Eunomix CEO Claude Baissac believes that the greater concern is that African mining jurisdictions have become mired in a “macabre cycle” characterised by reactive nationalism, economic collapse, debt forgiveness and privatisation, all of which flow from the cyclical nature of mining. “History shows that mining, because of its essential cyclicality, has crests and troughs in terms of its capacity to attract investment. For example, the long commodity bear of the 80s and 90s was characterised by low commodity prices and low investment,
"According to Eunomix, Zambia and Chile produced a tenth each of the world’s copper in 1970. By 2017, Zambia’s share had fallen to 4 per cent due to the legacy of the nationalisation while Chile controlled more than a quarter of world production."
"South Africa's minerals policy has changed the market in inefficient ways, exacerbated the impact of external factors such as volatile commodities prices and failed to meet its primary objectives"
The report focuses on the diverging growth paths of the Zambian and Chilean copper mining sectors. In 1970 the two countries both produced about 700,000 tonnes of copper a year – about 10% each of global copper production. In 2017, Chile produced 27% of world production and Zambia 4%. These trends are analysed and explained. Says Eunomix CEO Claude Baissac: “It is one of the great ironies of the modern era that the most far-reaching efforts of governments to maximise benefits
"Resource nationalism drives fear in mining corporations. But the concept is not inherently negative. Most agree that a country with a significant mineral endowment should reap widespread benefits from its resource. But throughout Africa that is where agreement ends. Norway is hardly seen as resource-nationalistic. Yet it should be labelled so: state ownership, high levels of oil taxes, and a world-leading fund that stabilises and diversifies the economy while funding a generous welfare system. This framework serves the people, and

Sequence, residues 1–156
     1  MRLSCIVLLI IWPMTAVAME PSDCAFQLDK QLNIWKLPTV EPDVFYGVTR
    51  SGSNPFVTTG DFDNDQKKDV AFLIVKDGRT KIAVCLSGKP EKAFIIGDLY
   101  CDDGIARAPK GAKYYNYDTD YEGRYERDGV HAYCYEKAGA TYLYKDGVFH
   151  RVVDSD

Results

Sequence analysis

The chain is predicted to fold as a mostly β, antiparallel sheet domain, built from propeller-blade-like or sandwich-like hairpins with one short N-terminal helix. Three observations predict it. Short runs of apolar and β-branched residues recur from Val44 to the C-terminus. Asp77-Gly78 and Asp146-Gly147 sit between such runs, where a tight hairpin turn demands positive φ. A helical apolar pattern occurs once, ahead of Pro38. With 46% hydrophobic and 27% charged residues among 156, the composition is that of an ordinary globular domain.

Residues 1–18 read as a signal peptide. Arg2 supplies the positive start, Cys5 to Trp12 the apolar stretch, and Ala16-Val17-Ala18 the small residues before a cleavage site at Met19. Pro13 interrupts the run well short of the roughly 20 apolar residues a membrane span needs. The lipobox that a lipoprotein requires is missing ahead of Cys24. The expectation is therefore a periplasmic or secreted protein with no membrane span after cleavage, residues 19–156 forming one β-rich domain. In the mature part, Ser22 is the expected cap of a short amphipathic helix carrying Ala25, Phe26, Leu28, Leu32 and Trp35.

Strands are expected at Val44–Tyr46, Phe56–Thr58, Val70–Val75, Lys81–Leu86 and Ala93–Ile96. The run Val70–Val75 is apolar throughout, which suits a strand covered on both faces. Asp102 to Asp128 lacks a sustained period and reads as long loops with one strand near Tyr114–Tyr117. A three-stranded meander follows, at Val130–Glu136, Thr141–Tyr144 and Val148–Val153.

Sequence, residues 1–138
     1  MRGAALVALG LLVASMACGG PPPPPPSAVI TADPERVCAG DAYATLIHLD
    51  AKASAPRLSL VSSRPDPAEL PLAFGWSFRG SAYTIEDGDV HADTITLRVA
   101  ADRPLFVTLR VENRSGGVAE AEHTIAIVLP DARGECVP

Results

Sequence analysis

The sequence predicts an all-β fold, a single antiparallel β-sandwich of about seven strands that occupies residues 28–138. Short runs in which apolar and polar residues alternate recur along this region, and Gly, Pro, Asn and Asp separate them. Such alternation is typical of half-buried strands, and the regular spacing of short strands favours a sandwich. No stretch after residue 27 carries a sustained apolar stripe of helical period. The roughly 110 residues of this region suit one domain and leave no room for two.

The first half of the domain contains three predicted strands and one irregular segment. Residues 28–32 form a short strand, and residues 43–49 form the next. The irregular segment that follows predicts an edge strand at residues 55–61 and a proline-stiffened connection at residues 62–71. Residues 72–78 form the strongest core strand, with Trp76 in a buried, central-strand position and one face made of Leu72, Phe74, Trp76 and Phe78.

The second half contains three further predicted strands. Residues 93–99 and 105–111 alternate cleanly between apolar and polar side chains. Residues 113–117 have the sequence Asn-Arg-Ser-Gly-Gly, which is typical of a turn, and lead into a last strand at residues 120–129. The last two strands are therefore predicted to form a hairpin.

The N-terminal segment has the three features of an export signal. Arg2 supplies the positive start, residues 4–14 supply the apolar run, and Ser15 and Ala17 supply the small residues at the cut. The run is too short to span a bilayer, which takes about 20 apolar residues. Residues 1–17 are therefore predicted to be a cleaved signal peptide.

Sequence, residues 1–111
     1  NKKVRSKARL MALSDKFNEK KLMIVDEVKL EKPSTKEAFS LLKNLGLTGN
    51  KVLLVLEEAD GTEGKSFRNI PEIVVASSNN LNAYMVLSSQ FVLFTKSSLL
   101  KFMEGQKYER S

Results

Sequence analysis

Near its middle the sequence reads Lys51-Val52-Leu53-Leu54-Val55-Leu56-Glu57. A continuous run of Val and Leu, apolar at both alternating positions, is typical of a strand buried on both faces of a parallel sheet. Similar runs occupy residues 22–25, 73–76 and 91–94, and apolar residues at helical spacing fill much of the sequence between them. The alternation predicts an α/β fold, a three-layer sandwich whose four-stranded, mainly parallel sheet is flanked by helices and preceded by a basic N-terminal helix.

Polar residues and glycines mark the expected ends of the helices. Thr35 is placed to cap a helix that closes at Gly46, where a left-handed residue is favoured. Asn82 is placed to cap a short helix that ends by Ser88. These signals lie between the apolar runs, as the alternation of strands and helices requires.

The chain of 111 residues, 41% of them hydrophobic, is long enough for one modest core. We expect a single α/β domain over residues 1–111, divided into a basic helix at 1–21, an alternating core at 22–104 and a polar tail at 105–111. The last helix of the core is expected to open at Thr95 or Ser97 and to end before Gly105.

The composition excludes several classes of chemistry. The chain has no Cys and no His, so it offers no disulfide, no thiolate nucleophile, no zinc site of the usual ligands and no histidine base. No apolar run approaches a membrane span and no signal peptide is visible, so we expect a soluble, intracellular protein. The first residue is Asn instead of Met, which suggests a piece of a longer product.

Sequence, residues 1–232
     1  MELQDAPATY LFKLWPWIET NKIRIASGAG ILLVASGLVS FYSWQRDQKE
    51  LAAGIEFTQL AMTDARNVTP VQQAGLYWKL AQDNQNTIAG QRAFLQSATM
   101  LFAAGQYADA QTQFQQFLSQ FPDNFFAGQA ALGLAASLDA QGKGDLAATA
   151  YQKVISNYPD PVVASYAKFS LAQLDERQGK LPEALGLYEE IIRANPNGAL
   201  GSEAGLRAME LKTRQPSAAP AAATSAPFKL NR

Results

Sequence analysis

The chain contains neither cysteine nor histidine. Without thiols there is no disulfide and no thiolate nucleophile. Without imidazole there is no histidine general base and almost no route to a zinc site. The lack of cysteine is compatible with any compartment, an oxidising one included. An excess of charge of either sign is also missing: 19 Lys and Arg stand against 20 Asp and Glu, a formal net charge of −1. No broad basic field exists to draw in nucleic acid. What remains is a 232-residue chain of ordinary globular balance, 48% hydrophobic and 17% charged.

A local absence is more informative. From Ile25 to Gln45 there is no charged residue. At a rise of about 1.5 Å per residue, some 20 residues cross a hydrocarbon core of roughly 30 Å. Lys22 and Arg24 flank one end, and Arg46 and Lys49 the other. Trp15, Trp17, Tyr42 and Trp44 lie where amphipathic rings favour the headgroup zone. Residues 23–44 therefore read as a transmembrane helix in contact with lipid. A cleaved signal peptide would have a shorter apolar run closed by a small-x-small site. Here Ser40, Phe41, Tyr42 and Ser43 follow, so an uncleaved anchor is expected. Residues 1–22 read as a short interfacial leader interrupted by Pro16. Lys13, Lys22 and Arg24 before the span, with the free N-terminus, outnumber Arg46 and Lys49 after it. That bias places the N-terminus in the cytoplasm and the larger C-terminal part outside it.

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These things my spirit bids me
teach the men of Athens:
brings countless evils for the city,
but Eunomia brings order
and makes everything proper,
by enfolding the unjust in fetters,
smoothing those things that are rough,
sentencing hubris to obscurity
making the flowers of mischief to whither,
and straightening crooked judgments.
It calms the deeds of arrogance
and stops the bilious anger of harsh strife.
Under its control, all things are proper
and prudence reigns human affairs
Thus wrote the Athenian statesman Solon, philosopher and poet in the 6th century BC, of Eunomia, daughter of Zeus, who in dreams would appear to the rulers of the city-state and inspire them to legislate and rule justly and competently.
Eunomia, it seems to us, represents the ideal metaphor of the proper management of human affairs, and has inspired the name EunomixTM.